Arctic Sea Ice Melting at an Accelerated Rate

Reader Contribution by Richard Hilderman and Ph.D.

Arctic sea ice is at its lowest level on record!  Historically, floating summer sea ice in the Arctic Ocean has covered an area about the size of the United States. Arctic sea ice follows an annual cycle of melting during the summer and then refreezing during the winter. Summer Arctic sea ice has shown a significant decline over the past 30 years.   Using satellite records the National Snow and Ice Data Center announced that in 2012 Arctic sea ice has fallen to 1.58 million square miles (note that in the Arctic sea ice will continue to melt through September) which is 27,000 square miles below the previous record level set in 2007.  This summer the ice has been melting at an extremely rapid pace.  About 38,000 square miles have melted each day since June.  This is an area about the size of Indiana.  Should this matter to us?

Sea ice reflects the sun’s radiation and keeps the Arctic cool. But when the sea ice melts, the dark sea absorbs the sun’s radiation which increases the water temperature which triggers more melting.  Within a few decades the Arctic could be ice free in the summer for the first time in 55 million years!  The melting of sea ice will only have an indirect effect on sea level rise because Arctic sea ice is already floating in the ocean and its melting won’t affect water levels.  Think of a glass full of ice water.  When the ice melts the water doesn’t flow over the lip of the glass.   However, the lack of sea ice raises the Arctic’s atmospheric temperature and triggers the melting of glaciers which will cause the sea level to rise.  In the past 3,000 years, mean sea level rose 0.4 to 0.8 inches.  But due to global warming, during the 20th century alone, mean sea level rose 8 inches.  On a beach with a gentle slope of 1 degree, this 8-inch increase could move the shoreline inland almost 40 feet, leaving low-lying areas more vulnerable to floods and hurricanes.  

Warm air rising over the Arctic Ocean to arctic land masses will also trigger the melting of permafrost, a concrete-like combination of frozen water, soil and vegetation.  Permafrost extends over about 20% of the planet’s land mass-mainly in the subarctic and arctic regions of North America and can be up to 4,900 feet deep.  When it melts it releases methane into the atmosphere which is a greenhouse gas that is 24 times more powerful than carbon dioxide!  Methane is also stored on the floor of the ocean and there are estimates which suggest that there is more methane on the ocean floor than oil.  As the water temperature in the Arctic Ocean continues to rise methane will be released into the atmosphere.  In recent years scientists have detected methane plume rising from the floor of the Arctic Ocean.  Methane released from the ocean and from the permafrost will accelerate global warming and climate change. This acceleration is most likely already occurring because summer sea ice is melting at a rate faster than was predicted by the Intergovernmental Panel on Climate Change.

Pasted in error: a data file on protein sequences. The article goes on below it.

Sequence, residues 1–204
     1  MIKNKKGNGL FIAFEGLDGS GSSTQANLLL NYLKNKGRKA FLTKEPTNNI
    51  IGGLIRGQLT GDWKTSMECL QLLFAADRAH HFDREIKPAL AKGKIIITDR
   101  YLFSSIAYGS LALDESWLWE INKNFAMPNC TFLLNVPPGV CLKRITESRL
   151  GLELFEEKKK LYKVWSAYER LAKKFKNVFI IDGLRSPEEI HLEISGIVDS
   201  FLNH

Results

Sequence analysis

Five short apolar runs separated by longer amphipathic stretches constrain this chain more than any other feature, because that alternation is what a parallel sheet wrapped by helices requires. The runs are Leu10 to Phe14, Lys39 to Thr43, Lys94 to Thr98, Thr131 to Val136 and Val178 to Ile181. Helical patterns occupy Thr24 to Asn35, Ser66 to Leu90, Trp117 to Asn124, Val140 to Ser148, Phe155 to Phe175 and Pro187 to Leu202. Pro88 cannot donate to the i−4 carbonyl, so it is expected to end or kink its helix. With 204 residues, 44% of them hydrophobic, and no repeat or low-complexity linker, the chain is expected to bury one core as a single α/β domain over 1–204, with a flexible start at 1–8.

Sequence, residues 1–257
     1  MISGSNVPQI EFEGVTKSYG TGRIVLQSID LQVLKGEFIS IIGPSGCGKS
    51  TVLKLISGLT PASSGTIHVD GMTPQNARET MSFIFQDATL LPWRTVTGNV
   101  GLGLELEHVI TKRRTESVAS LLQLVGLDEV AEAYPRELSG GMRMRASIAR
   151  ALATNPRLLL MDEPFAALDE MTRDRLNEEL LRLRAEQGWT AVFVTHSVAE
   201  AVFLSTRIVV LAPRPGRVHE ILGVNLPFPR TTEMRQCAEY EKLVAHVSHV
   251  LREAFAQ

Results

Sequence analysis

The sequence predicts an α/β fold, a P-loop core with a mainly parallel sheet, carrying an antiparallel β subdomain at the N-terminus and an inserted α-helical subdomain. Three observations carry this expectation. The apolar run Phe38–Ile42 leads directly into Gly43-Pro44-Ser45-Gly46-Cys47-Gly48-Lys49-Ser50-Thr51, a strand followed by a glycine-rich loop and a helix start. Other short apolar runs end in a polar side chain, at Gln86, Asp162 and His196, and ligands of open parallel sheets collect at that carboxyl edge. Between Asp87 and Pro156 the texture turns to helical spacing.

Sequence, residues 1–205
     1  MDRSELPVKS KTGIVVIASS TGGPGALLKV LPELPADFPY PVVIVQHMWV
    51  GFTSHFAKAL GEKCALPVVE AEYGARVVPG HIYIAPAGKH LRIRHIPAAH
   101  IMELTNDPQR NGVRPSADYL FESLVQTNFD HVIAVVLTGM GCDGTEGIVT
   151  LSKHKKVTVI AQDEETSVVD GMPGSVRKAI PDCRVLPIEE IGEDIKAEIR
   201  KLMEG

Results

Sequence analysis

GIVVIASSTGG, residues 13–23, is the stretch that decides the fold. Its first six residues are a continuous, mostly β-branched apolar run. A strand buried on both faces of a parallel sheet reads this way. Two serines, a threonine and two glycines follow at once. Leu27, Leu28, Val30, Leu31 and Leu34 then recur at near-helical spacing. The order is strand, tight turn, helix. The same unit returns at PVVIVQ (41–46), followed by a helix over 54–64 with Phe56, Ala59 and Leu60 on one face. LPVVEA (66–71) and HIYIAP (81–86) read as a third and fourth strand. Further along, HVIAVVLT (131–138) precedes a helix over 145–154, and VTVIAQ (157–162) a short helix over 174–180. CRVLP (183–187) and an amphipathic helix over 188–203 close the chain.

During the Paleocene Epoch 55 million years ago there was a similar global warming trend that we are experiencing today.  Then there was a sudden and massive release of carbon into the atmosphere.  Global temperatures quickly rose 9-160 F and 30 to 35% of the ocean bottom flora/fauna became extinct.  This lasted about 120,000 years and took over 40,000 years to return to cooler temperatures.  At lot of experts believe the massive carbon release was methane coming from the ocean floor and permafrost.  Are we approaching a similar crossroad that exited 55 million years ago? 

Another consequence of the loss of sea ice in the Arctic is that it could change the complex ecosystem in the polar region.  One example is the fate of polar bears, seals and fish.  The increasing loss of sea ice will force polar bears to swim longer distances to find stable ice or reach land.  This could lead to a significant reduction in the polar bear population or even to its extinction.  Some people argue that we don’t need polar bears.  This is far from true.  Polar bears are a top arctic predator and their food source is seals.  Their eating of seals keeps the seal population in check.  If the bear population declines significantly the seal population will explode.  The problem with this is that seals eat the same fish that we eat.  If the seal population goes unchecked it will put more stress on the fishing industry which is already in trouble due to overfishing.  Needless to say we will feel it in our pocket book when we go to buy fish for supper.

The increase melting of the Arctic sea ice is an indicator of human induced global warming through the burning of fossil fuels.  It is estimated that we are pumping about 90 million tons of carbon into the atmosphere each day!  When is this going to stop?